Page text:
Review Summary: A young band in the scene, with influence from one of the most popular bands in hardcore music today.1 of 1 thought this review was well written
To Speak Of Wolves are a newer metalcore band from Greensboro, North Carolina. They have two releases with this full length being their latest, with which they signed to Solid State Records. The band’s vocalist on this album, Rick Jacobs, is no longer with the band. However, the band has Phil (Spencer of Underoath
fame’s brother) on drums, with the rest of the members being former members of touring bands within the scene. The band has little to no recognition almost everywhere, and I hope this review can shine some light on them, on this site at the very least.
The first thing you will notice when you start up this record is that the influences are apparent right away. However, the band adds little parts like an atmospheric clean section or an unexpected uproar of screaming and chaos to the music to really make it worth listening to. And this works. It really does. Somehow, the band’s mix of heavy parts with soaring choruses and clean sections seems, dare I say it, unique. If you are big fan of Underoath
, and I have to mention this, you WILL notice uncanny similarities. This does make the band a lot more appealing to fans of them, but I do hope they can grow out of it and make more of their own sound on a future release.
The album flows very well, with everything kicking things off with driving drums and awesome screaming. As I mentioned before, they no longer have this vocalist, which is a shame because Rick is a very good vocalist. He really is the star of this record because of his, simply put, fantastic performance. At points I found myself in awe of his seemingly out of nowhere vocal hi-jinks. Just One Last Time
sees him at his best, using his vocals, both harsh and clean, to really make the song with a catchy and uplifting chorus and pounding verses. The vocals also go very well with the guitarists chugs and melodies, which are pretty cool but not too special overall. The drumming really drives the music throughout most of the album and its not surprising given his brother’s talents. Most of the album is pretty similar, but the formula is extremely effective for every song. On every song’s chorus the vocalist uses his singing voice in different ways, and it makes the album a lot less repetitive. This is one of the band’s strongest traits on this album.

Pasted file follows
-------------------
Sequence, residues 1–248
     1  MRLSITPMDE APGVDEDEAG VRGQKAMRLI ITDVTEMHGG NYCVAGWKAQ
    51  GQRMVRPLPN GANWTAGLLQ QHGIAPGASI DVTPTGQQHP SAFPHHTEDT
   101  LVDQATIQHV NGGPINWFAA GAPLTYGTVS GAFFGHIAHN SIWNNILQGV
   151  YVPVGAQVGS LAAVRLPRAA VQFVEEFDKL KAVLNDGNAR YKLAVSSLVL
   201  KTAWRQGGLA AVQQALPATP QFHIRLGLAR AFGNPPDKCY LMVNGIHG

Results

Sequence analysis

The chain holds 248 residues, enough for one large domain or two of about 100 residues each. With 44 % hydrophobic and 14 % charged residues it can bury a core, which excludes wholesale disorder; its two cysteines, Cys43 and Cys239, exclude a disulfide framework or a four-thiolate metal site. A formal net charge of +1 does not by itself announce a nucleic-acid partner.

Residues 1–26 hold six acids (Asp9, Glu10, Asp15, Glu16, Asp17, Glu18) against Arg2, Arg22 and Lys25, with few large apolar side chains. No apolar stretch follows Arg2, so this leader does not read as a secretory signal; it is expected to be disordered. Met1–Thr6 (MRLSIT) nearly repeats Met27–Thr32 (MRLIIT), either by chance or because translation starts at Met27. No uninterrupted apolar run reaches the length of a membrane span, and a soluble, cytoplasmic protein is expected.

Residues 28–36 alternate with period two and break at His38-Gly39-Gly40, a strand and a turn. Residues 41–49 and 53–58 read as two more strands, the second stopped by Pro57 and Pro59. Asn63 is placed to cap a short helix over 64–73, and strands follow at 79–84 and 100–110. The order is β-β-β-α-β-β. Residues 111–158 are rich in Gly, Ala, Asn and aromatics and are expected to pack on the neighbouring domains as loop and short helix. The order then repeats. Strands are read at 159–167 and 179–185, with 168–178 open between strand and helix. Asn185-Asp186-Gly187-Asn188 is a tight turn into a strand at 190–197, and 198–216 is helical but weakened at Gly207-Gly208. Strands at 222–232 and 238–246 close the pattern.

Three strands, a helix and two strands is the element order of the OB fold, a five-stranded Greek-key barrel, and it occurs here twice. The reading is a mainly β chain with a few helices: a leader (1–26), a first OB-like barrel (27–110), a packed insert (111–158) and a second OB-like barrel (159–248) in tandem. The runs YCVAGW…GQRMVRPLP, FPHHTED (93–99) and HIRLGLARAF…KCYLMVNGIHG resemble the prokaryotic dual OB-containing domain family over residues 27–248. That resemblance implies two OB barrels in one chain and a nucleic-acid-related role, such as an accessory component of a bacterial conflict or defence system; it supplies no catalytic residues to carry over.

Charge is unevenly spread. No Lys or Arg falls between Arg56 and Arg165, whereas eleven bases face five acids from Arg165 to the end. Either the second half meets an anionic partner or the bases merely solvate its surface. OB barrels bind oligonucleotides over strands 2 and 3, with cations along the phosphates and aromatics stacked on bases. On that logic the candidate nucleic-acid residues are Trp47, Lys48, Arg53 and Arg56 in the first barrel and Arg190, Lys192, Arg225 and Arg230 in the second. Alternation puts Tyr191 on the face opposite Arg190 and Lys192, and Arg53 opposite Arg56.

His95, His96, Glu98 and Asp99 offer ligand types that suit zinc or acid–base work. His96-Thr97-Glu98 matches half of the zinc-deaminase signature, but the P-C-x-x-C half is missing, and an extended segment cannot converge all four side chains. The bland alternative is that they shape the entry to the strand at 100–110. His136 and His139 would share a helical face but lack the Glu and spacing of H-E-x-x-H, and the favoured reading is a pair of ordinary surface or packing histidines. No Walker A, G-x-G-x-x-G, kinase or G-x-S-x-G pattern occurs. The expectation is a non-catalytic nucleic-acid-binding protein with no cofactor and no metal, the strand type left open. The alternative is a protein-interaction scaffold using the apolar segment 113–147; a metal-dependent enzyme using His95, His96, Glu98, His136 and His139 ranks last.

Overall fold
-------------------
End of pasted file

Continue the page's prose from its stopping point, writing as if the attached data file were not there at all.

Towards the end of the album we have the song Quercus Alba
. This song is, well, a bit different than most of the album. The song mostly consists of cleans over little instrumentation, until the middle hits where the whole band comes in and it is simply awe inspiring. Screaming and catchy cleans over epic piano and guitar is what makes this the best song on the record. The next song is one of the heaviest and also another highlight with it’s driving, heavy metal sound. The outro is awesome with it’s pounding drum beat and cleans/screams over fast guitar. The last song, Nothing Ever Ends
, is an extremely fitting end to the album. It takes everything they were aiming for and mixes it all together. The song slowly burns away towards the end, culminating in an epic outro with the entire band pulling out all the stops.
A young band in the scene, with influence from one of the most popular bands in hardcore music today. They have a lot of potential, and I really hope more people will start to see it. If you have a chance, check this album out; even if you are just a fan of one of my recommendations, you will find something to enjoy. Until their next release, this is a nice addition to the current hardcore landscape.